Most pieces in the auction boast provenance from distinguished sources, including Sotheby’s, Christie’s, the Denver Art Museum and even Andy Warhol, who reportedly had a discerning eye for antiquities. In addition, several artworks are of monumental height, exceeding 30 inches. “That is almost unheard of in this business and is always exciting to collectors,” Dodge noted.

Some of the finest Moche art to reach the auction market in a decade will be featured in the Feb. 1 sale. According to Dodge, Moche artisans (Peru, circa 400-500 CE) were among the earliest to incorporate portraiture and humor into their pottery production. A prime example is the erotic drinking vessel of a male with well-defined facial features and a disproportionately large, erect phallus that serves as a spout. It is expected to make $12,000-$15,000. Other Moche highlights include a terracotta stirrup vessel shaped as a stern-faced warrior with a diminutive prisoner of war hoisted onto his shoulder, est. $8,000-$12,000; and a beautifully patterned pottery jar modeled as a mythological creature, part serpent and part jaguar with deer antlers. Formerly in the Platt Friedenberg and University of Virginia Art Museum collections, it is estimated at $6,000-$10,000.

Very rare and desirable, a Colima (West Mexico, circa 200 BCE – 200 CE) terracotta redware vessel is formed as a row of three finely detailed ducks with a spout emerging from one side. It measures 11 inches wide and could reach $5,000-$7,000 at auction.

From the Central Mexico Mixtec culture comes a carved redstone stele carved with the image of a fierce running warrior in full battle dress, holding a feather shield and war club. “This object would have been used as a boundary marker to warn intruders to stay away or their warriors would come after them,” said Dodge. Formerly in a Zurich museum, the lot is expected to sell for $20,000-$30,000.

A two-tone janiform Jalisco (Mexico, circa 0-200 CE) pottery jar depicts a pair of dogs conjoined on four feet. Acquired many years ago from the Ron Messick Gallery, the Pre-Columbian rarity is entered in the sale with a $5,000-$7,000 estimate.

From the Mayan Territories, a circa 500-900 CE carved volcanic stone skull exhibits deep eye sockets and applied shells to replicate teeth. A large-beaked bird is carved into the top of the skull and points its beak into the center of the skull’s forehead. Macabre and alluring at the same time, it is estimated at $4,000-$6,000.

Formerly in the personal collection of pop art genius Andy Warhol, a three-tiered Pre-Columbian Mayan polychrome jar from Honduras, circa 500-900 CE, features dancing stick figures, glyphoids and lotus blossoms on its bands. It commands an auction estimate of $3,000-$4,000.

Many high-carat gold antiquities are included in the sale. A Pre-Columbian Moche (Peru, circa 100-400 CE) royal ceremonial scepter or “atl atl” is decorated with a standing lord carved from bone on a turquoise mosaic platform. Highly important, it carries a pre-sale estimate of $30,000-$40,000. There are several bas-relief gold masks in the auction, as well as a Sican (Chimu Culture, Peru, circa 800-1,000 CE) beaker with the face of the god Naylamp crafted in relief on its surface. The deity wears gold earrings with turquoise beads and has repousse “hair.” The piece formerly belonged to Ian Arundel, proprietor of The Curiosity Shop on Melrose Avenue in Los Angeles. In the 1950s and ’60s, Arundel’s shop was a magnet for collectors of the day, including Vincent Price and John Wayne. The beaker is estimated at $15,000-$20,000.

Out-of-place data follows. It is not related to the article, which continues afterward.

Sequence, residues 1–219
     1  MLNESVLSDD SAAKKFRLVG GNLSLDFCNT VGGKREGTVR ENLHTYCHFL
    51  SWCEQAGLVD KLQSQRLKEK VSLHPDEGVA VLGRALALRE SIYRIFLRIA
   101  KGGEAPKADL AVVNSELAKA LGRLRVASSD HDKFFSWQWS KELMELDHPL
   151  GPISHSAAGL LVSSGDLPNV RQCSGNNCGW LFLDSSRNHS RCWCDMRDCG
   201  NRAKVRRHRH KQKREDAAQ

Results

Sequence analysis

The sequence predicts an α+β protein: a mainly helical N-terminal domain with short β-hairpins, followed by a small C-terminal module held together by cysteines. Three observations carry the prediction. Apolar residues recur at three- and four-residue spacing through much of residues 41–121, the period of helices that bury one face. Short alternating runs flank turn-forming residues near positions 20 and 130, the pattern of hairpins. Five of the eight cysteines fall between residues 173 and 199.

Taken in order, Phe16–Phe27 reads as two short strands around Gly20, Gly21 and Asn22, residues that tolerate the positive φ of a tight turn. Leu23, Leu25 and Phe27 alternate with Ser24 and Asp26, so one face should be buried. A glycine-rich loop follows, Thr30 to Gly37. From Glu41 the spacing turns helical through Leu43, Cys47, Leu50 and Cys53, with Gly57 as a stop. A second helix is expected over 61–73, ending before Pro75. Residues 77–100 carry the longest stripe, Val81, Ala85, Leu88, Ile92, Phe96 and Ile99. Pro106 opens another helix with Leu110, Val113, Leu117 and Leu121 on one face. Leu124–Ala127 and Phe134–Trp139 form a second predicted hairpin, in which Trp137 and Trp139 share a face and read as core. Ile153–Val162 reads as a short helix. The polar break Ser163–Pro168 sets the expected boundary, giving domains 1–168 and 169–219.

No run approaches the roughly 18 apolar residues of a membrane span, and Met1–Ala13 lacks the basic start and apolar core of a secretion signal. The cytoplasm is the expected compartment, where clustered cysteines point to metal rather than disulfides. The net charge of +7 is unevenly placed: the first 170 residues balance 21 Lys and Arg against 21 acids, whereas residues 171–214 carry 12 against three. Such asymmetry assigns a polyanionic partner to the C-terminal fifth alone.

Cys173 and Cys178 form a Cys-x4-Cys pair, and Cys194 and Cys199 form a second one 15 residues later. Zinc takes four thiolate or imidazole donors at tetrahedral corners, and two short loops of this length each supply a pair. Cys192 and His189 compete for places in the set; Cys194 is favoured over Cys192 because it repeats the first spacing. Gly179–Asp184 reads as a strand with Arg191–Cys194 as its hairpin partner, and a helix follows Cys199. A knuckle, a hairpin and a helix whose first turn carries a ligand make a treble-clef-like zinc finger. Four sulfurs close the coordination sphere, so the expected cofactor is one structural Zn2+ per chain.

Bob Dodge stressed that all items offered for sale in the Feb. 1 auction have been legally acquired, are legal to resell and are unconditionally guaranteed to be authentic and as described in the catalog. “We do not sell replicas or anything ‘in the style of’ any ancient culture. Also, no sale is ever final. We want only satisfied customers,” Dodge said.

Antiquities Saleroom’s Exceptional Pre-Columbian Art from Hollywood Auction will commence at 12 noon Eastern Time on Friday, Feb. 1, 2013. Bids may be placed through a variety of methods: absentee (including absentee online), by phone or live via the Internet on auction day through All items may be viewed online at For additional information call 720-890-7700. E-mail Web:

Beach Modern To Auction Steve Rubell’s Studio 54 Archive January 19th

Monday, January 14th, 2013

WEST PALM BEACH, Fla. – Back in the late 1970s and early ’80s, the only place hip New Yorkers wanted to be seen after dark was Studio 54. But slipping past the uber-chic disco’s velvet rope, which separated jet setters and film stars from ordinary folk hoping to gain admission to the glitzy inner sanctum, was a near-impossible feat – unless you knew, or caught the eye of, Studio 54’s charismatic co-owner Steve Rubell.

The ultimate insider, Rubell partied with the arts and entertainment world’s biggest stars, including Andy Warhol, Truman Capote, Elizabeth Taylor, Liza Minnelli and Frank Sinatra, among hundreds of other celebrities. His West 54th street nightclub was known for its outrageous soirees and offbeat moments, like the time Bianca Jagger entered the club on her birthday in 1977, astride a white horse. When Steve Rubell died in 1989, he left behind a virtual time capsule of unique memorabilia associated with Studio 54’s extraordinary four-year run. That portion of his estate, which has remained in situ for the past 28 years at the apartment Rubell shared with fashion designer Bill Hamilton, will be auctioned Jan. 19 by Palm Beach Modern Auctions in West Palm Beach, Florida.